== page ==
Brooklyn, one building at a time.
Name: Private house
Address: 330 Throop Avenue
Cross Streets: Corner Pulaski Street
Neighborhood: Bedford Stuyvesant
Year Built: Sometime before 1873
Architectural Style: Second Empire
The story: A house doesn’t have to be a grand mansion in order for a lot to have gone on inside. In fact, there are grand mansions that I haven’t been able to find any information on, in spite of them being large, obvious houses of people of means, who usually ended up in the papers, somehow, somewhere. Sometimes people lead quiet, almost secretive lives, and we’ll never know anything about them, except for the buildings they leave behind. And then you get houses that have seen it all. Life and death took place there, and the building, because of its size or location or inhabitants, are the stuff of stories. 330 Throop Avenue, in Bedford Stuyvesant, is one of those houses.
The house was built sometime before 1873, probably for the first owner I found any record of: a prominent lawyer named J.L. Marcellus, of the firm Marcellus & Lowry. In 1873 Mr. Marcellus was appointed to the Board of Education of Brooklyn. At that time, this part of Bedford was just beginning to be developed. It was still home to free-standing villas, of a suburban nature, many owned by nearby brewers and businessmen from Bushwick and Williamsburg. This area still has many remaining free standing houses, an amazing amount, considering the developmental and economic history of the area.
By 1897, the house belonged to Dr. Clinton W. Willis. He and his two of his three brothers, and his uncle were all medical doctors, but that didn’t help their youngest brother. He came to visit Dr. Willis, here at 330 Throop Avenue, and suffered a seizure and died, despite his brother’s care. The young man, Amasa Willis, was only 19 years old, and had applied to Cornell University to study medicine. He never got there, but is now buried in Green-Wood Cemetery.
For some reason, this house was home to not one, but two separate and unconnected suicides. In 1905, a young starving artist named Max Bachman, who had only arrived in the city recently, had rented a furnished room here. He was 22 years old. He took his own life in his room, hanging himself from a rope that he had tied to an eye screw in the ceiling. He hung there for hours until he was discovered by a friend who had come to visit. Much later, in 1937, store owner Louis J. Rubin also lived here, and he killed himself in the same way, in his room. He was a dry goods merchant with a shop at 480 67th Street, in Bay Ridge. Kinda creepy, actually.
But it was not all sorrowful here at 330. Many good things happened here, as well. The house’s medical good vibes translated into a children’s clinic that operated here in 1914. After the clinic moved out, the building became a sports club called the Parnell Club. They also hosted meetings by other organizations, including political rallies and meetings between sports clubs. They had the building from at least 1918 until the mid-1920s.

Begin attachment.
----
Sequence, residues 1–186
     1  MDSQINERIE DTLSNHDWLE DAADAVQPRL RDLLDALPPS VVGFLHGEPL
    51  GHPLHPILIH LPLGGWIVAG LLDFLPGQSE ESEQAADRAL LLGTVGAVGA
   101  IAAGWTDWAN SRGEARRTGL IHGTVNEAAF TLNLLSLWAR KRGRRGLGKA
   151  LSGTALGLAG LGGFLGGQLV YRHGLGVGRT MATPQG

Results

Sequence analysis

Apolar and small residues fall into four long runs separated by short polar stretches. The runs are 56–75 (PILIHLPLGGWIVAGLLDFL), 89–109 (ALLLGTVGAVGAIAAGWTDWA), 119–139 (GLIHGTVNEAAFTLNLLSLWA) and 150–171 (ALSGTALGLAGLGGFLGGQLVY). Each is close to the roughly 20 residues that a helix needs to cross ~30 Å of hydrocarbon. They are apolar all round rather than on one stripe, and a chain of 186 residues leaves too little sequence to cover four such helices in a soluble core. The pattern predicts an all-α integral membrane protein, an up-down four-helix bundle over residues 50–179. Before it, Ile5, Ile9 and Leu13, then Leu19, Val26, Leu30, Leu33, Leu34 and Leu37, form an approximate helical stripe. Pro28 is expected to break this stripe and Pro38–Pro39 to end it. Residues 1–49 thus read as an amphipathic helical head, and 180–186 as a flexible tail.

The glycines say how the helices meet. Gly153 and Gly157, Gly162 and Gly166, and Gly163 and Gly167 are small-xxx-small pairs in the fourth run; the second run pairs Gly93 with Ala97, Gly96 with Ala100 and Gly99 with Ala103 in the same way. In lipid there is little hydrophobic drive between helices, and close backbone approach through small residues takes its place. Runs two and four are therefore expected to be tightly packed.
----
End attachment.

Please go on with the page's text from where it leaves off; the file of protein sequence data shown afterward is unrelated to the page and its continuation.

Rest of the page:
The house seems to have gone back to residential use after the Parnell Club left, and was home to various and sundry ordinary folk who lived, got married, had careers, and died. The last newspaper story I found about this house was a good one. Two year old Robert Sigman was playing in the living room of his parent’s apartment in the house, as his mother, Anna, prepared him and his brother for a shopping trip downtown. She turned away for a second, as the other child distracted her, and when she turned around, the toddler had crawled out the third floor window, and was on the ledge. She rushed to the window, which made the child go out further, and he slipped off the ledge, and was dangling over the edge.
Passersby saw the child in the window, and called for the police and fire department. Fortunately, a policeman was nearby, as was a fireman from a nearby company. He had been in a nearby store, and both men rushed to the house, and got there at the same time. The patrolman ran into the house to try to get the child from the inside, while the fireman, 26 year old George Stumpf, ran to the building and stood underneath, ready to catch the boy if he fell. No sooner had he gotten in position than the child lost his grip and fell…right into George Stumpf’s arms. The boy had just missed impaling himself on an iron fence. But all was well, he was unhurt, and George Stumpf chalked it up to “all in a day’s work.”
Today, 330 Throop Avenue no longer looks as it did when all of those stories took place. A look at the 1980s tax photo shows the house in asphalt siding. Today it’s covered in vinyl siding, and most of the building’s details are obscured. Except for the fact that it’s a stand-alone house in a neighborhood of row houses, you might not notice it at all. Next time you happen to pass this way, take a look. You never know the tales a house can tell. GMAP
(Photo:Nicholas Strini for PropertyShark)